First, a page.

Trauma-induced alterations in cognition and Arc expression are reduced by previous exposure to 56Fe irradiation

Susanna Rosi, Karim Belarbi, Ryan A. Ferguson, Kelly Fishman, Andre Obenaus, Jacob Raber, John R. Fike

Research output: Contribution to journalArticlepeer-review

32 Scopus citations


Exposure to ionizing irradiation may affect brain functions directly, but may also change tissue sensitivity to a secondary insult such as trauma, stroke, or degenerative disease. To determine if a low dose of particulate irradiation sensitizes the brain to a subsequent injury, C56BL6 mice were exposed to brain only irradiation with 0.5 Gy of 56Fe ions. Two months later, unilateral traumatic brain injury was induced using a controlled cortical impact system. Three weeks after trauma, animals received multiple BrdU injections and 30 days later were tested for cognitive performance in the Morris water maze. All animals were able to locate the visible and hidden platform during training; however, treatment effects were seen when spatial memory retention was assessed in the probe trial (no platform). Although sham and irradiated animals showed spatial memory retention, mice that received trauma alone did not. When trauma was preceded by irradiation, performance in the water maze was not different from sham-treated animals, suggesting that low-dose irradiation had a protective effect in the context of a subsequent traumatic injury. Measures of hippocampal neurogenesis showed that combined injury did not induce any changes greater that those seen after trauma or radiation alone. After trauma, there was a significant decrease in the percentage of neurons expressing the behaviorally induced immediate early gene Arc in both hemispheres, without associated neuronal loss. After combined injury there were no differences relative to sham-treated mice. Our results suggest that combined injury resulted in decreased alterations of our endpoints compared to trauma alone. Although the underlying mechanisms are not yet known, these results resemble a preconditioning, adaptive, or inducible-like protective response, where a sublethal or potentially injurious stimulus (i.e., irradiation) induces tolerance to a subsequent and potentially more damaging insult (trauma).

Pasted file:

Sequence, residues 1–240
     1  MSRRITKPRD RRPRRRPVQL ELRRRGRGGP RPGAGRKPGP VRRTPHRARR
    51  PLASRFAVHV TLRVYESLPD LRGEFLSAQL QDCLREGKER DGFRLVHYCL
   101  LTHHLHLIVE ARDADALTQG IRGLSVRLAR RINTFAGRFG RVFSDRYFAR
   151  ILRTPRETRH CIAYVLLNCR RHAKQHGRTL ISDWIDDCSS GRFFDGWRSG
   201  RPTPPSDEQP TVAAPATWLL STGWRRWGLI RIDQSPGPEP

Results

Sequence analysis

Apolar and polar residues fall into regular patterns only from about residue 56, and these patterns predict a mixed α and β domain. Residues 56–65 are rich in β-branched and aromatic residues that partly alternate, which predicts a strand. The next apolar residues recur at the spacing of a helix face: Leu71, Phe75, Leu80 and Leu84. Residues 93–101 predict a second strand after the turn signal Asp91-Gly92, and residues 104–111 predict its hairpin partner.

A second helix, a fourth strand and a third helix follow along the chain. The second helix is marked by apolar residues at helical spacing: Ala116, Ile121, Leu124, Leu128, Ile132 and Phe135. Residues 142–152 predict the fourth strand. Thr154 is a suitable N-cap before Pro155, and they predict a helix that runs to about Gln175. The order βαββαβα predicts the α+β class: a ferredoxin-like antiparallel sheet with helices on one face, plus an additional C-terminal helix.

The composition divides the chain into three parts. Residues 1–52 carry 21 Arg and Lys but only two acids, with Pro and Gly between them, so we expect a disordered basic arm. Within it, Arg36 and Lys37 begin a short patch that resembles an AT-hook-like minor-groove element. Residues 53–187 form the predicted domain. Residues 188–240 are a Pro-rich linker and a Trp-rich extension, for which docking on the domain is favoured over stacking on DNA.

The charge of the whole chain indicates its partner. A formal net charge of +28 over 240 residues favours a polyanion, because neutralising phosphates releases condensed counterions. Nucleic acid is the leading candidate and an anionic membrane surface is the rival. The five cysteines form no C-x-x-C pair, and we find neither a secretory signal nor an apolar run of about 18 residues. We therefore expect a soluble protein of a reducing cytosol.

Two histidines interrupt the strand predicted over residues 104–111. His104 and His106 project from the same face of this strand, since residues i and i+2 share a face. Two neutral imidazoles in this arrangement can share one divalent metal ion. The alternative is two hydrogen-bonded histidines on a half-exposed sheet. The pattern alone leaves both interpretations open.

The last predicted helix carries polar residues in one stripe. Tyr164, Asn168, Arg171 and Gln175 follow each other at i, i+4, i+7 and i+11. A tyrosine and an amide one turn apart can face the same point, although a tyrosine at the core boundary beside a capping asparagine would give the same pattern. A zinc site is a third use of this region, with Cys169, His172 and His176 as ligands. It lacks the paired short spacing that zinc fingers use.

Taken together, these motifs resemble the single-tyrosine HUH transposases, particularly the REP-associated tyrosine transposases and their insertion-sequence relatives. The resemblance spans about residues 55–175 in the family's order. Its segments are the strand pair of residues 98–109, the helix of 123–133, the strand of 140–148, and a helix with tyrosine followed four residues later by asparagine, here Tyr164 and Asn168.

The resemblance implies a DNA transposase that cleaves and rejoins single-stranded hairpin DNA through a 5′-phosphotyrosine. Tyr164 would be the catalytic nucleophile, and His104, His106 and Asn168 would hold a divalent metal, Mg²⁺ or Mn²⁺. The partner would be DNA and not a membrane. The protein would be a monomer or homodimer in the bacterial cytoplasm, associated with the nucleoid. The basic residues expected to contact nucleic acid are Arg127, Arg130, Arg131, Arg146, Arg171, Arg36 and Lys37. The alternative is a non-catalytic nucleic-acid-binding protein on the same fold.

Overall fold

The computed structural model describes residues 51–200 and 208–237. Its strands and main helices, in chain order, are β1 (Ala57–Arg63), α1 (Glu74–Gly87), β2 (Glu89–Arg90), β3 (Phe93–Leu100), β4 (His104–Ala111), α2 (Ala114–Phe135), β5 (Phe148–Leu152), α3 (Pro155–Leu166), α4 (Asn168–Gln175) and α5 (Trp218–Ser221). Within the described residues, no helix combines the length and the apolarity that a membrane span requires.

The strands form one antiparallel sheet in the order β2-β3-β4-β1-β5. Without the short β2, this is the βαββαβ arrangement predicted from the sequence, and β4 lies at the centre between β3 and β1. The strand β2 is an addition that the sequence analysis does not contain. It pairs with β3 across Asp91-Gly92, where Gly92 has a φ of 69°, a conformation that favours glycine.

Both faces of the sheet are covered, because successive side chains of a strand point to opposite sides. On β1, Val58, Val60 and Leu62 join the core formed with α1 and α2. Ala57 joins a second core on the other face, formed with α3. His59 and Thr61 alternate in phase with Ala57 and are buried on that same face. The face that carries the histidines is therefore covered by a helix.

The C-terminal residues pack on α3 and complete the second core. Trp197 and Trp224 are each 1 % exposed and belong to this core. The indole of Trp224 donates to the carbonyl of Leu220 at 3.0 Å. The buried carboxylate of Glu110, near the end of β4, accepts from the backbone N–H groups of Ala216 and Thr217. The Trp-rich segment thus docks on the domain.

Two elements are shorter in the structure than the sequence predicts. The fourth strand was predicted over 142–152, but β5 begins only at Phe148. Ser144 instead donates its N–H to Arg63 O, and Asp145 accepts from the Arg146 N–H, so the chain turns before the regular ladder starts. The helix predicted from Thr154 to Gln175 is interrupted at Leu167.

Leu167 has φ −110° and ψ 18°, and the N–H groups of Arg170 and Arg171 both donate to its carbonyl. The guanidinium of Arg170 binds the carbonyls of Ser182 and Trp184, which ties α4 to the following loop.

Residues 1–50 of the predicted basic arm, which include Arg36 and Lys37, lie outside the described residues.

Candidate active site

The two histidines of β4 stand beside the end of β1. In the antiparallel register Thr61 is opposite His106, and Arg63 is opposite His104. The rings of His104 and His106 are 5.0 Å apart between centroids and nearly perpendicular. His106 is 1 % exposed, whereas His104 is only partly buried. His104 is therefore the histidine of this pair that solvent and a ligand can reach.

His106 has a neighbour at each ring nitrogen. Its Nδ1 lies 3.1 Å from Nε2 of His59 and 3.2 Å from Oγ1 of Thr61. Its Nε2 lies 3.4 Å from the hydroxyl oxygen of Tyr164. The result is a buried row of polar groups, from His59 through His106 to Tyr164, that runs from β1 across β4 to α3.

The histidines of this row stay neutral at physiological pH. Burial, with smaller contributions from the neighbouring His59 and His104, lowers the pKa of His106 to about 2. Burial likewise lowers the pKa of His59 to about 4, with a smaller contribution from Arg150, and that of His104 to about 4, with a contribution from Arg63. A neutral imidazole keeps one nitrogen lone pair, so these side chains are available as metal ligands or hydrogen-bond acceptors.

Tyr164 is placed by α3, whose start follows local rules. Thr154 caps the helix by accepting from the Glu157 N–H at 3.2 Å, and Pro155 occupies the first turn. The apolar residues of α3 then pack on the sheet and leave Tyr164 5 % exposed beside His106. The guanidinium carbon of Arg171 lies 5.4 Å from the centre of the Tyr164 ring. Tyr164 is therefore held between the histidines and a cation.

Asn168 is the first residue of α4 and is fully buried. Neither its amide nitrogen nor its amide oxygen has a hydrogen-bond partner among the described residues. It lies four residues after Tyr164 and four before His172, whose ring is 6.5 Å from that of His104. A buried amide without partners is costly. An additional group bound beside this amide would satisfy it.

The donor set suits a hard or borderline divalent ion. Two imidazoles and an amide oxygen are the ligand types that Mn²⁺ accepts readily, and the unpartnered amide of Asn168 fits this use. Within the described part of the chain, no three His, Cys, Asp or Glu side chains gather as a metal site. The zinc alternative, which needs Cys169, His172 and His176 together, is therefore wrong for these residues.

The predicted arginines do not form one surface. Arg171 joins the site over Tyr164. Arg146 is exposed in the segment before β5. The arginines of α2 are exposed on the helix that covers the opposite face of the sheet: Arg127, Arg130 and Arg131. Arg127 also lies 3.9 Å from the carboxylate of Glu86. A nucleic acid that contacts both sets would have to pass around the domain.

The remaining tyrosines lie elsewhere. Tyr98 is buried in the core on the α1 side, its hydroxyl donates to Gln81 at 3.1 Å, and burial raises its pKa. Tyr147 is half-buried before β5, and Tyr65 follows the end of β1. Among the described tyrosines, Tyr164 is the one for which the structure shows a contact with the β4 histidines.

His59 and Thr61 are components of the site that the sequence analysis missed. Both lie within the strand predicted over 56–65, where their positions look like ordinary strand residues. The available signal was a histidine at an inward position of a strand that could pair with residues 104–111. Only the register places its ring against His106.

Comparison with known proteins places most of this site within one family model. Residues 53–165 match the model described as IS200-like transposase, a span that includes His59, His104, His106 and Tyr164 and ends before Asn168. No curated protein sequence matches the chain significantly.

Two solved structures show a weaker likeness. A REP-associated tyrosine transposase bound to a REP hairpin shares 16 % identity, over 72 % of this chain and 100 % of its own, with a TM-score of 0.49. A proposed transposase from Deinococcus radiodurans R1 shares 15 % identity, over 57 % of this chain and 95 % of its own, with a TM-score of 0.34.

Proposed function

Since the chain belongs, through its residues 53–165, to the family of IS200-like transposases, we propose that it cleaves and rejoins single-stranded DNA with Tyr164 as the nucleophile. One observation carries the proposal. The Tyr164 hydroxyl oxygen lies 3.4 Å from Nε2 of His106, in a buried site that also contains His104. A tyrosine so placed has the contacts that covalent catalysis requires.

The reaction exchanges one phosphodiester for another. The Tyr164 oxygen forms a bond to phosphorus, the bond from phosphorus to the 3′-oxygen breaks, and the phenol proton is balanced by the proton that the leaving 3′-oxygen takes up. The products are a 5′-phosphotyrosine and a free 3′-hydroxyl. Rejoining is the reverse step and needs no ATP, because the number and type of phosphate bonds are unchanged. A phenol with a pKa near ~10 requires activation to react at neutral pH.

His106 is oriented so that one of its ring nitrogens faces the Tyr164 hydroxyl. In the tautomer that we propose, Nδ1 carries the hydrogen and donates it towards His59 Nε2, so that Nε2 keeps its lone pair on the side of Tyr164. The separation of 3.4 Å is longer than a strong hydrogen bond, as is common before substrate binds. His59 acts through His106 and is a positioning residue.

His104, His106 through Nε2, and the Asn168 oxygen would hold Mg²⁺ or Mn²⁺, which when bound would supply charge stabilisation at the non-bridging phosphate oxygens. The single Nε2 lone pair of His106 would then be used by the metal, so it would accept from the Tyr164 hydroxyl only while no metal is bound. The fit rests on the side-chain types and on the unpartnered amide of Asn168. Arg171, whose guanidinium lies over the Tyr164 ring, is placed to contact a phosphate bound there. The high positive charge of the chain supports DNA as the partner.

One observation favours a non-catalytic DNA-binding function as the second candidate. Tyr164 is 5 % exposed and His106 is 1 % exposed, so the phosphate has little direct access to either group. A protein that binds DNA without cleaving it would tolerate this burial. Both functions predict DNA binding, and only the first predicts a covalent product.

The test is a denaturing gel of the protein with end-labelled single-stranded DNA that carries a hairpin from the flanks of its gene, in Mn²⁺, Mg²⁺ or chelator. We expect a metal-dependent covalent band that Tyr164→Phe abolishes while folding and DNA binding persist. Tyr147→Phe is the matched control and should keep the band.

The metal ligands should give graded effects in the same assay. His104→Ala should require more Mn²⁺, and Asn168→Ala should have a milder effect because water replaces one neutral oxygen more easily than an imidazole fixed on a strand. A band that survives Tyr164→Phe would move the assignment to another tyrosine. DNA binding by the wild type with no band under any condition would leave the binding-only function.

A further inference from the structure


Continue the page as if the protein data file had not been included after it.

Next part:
Original languageEnglish (US)
Pages (from-to)544-554
Number of pages11
Issue number3
StatePublished - Mar 2012


  • Hippocampus
  • Immediate early gene
  • Radiation
  • Traumatic brain injury

ASJC Scopus subject areas

  • Cognitive Neuroscience


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